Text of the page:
Acidity, acid reflux or Gastroesophageal reflux is when stomach contents move backwards into the esophagus (food pipe). This is said to become Gastroesophageal reflux disease (GERD), when the reflux of stomach contents causes troublesome symptoms and/or complications. Symptoms include heartburn and (nocturnal) regurgitation (bringing up of stomach contents), in addition to difficulty swallowing, asthma and cough among others.
A Brief Background
It is a good idea to understand briefly, how acid is generated in the stomach.
- The sight, sound, smell, anticipation and the beginning of oral ingestion of food causes the activation of various digestion-related mechanisms, including stomach acid secretion. (cephalic, oral phases)
- When the stomach stretches due to the presence of food or liquid, or the presence of protein is sensed, secretion of stomach acids begin, as well as activation of mechanisms to control the amount of acid release and regulate acidity (ph) levels. 50-60% of meal-stimulated acid secretion happens now. Protein digestion begins. (gastric phase)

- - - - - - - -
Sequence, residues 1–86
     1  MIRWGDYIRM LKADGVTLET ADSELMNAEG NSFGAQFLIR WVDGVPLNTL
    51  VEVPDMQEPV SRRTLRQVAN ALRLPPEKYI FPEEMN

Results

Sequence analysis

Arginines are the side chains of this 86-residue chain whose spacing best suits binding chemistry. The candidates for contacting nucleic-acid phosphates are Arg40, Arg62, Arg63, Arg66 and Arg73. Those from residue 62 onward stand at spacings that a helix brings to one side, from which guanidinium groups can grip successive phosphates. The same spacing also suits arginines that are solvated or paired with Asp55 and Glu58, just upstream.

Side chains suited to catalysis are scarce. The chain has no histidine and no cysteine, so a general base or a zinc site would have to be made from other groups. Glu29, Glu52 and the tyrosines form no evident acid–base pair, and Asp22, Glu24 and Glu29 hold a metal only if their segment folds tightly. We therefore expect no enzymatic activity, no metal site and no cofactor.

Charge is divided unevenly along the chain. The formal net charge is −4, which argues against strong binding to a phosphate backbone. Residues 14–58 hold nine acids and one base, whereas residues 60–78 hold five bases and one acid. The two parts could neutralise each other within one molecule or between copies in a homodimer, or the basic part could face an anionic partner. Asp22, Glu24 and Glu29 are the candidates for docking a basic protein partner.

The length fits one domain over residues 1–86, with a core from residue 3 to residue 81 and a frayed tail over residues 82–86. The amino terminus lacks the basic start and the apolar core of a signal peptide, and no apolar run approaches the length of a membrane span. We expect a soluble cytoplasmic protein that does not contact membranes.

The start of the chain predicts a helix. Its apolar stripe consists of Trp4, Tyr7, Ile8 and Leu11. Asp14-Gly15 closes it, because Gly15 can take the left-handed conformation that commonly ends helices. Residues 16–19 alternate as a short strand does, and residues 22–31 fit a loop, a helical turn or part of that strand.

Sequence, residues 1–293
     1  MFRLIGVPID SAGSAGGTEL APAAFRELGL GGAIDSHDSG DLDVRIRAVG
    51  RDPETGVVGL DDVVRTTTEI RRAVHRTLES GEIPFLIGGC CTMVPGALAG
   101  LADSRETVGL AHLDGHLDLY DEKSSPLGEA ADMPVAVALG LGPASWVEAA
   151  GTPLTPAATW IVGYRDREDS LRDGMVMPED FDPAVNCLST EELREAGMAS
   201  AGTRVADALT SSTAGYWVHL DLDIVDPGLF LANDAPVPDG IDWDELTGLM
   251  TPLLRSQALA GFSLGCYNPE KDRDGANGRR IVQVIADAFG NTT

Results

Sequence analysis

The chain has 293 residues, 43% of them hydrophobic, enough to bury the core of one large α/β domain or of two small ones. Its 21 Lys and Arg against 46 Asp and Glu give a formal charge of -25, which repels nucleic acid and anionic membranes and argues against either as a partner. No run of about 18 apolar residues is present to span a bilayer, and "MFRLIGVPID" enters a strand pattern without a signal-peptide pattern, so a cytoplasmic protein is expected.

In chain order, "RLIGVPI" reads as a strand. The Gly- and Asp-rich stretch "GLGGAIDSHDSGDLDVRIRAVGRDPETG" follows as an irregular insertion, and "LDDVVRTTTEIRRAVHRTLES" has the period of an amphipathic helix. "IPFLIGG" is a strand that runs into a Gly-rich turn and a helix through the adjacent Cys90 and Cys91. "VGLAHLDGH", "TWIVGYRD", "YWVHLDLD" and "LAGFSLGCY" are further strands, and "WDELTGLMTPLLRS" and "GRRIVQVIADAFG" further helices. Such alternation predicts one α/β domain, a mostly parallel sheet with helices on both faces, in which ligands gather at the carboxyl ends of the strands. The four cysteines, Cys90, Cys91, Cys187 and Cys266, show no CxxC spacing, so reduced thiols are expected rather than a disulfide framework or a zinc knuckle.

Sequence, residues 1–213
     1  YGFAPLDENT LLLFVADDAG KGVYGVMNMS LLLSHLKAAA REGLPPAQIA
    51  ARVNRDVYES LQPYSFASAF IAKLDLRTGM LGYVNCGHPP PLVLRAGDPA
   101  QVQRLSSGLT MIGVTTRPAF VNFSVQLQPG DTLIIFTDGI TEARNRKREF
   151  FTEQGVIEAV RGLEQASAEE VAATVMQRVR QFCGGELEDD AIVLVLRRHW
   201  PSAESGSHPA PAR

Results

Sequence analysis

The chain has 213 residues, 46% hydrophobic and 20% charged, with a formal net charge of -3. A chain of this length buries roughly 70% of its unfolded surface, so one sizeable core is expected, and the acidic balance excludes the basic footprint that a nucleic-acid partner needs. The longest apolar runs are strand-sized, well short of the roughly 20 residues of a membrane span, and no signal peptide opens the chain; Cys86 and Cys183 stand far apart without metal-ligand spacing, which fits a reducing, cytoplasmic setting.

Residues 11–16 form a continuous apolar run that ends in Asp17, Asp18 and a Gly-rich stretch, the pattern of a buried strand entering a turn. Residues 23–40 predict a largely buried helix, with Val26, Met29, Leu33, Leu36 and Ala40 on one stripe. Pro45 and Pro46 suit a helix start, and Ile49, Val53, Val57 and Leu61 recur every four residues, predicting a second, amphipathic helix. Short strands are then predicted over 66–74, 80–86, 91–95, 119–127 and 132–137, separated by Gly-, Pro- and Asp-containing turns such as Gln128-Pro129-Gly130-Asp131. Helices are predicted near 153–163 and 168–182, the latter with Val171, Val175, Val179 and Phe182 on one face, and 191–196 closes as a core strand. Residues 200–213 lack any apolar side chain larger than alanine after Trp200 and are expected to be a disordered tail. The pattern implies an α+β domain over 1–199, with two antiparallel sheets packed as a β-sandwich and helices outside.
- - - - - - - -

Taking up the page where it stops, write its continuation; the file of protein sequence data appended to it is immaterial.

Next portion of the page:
- When the stomach contents reach the intestine, major chemical and physical changes happen to the food, and digestion continues, including outcomes such as absorption of nutrients. (intestinal phase)
A Few GERD Facts
- Equally prevalent among men and women.
- Incidence increases with age
- Most often found in pregnant women
- More prevalent in western countries
- Increased occurrence when overweight or obese
- Inversely co-related to incidence of H. pylori (controversial)
Causes of GERD
- Primary cause is when the Lower Esophageal Sphincter (LES) fails to keep gastric acid out of the esophagus.
- This could further be due to any agent that decreases LES pressure or a condition that increases intra-abdominal pressure.
- Hiatal hernia with incompetent sphincter
What To Do
The following suggestions may help reduce symptoms.
- Avoid late night meals
- Avoid lying down for several hours after a meal
- Elevating the head by 6-8 inches
- Avoid food and drink that worsens the condition. These are typically, alcohol, caffeine, chocolate and mints, in addition to fatty and spicy foods.
- Eat while upright, instead of lying down or reclined.
- Eat small, frequent meals instead of less frequent large ones
- After eating, avoid tight clothing, vigorous exercise, bending, straining etc.
- Smokers should consider quitting.
- Yamada’s Textbook of Gastroenterology, 6th Edition
- Taber’s Cyclopedic Medical Dictionary, 23rd Edition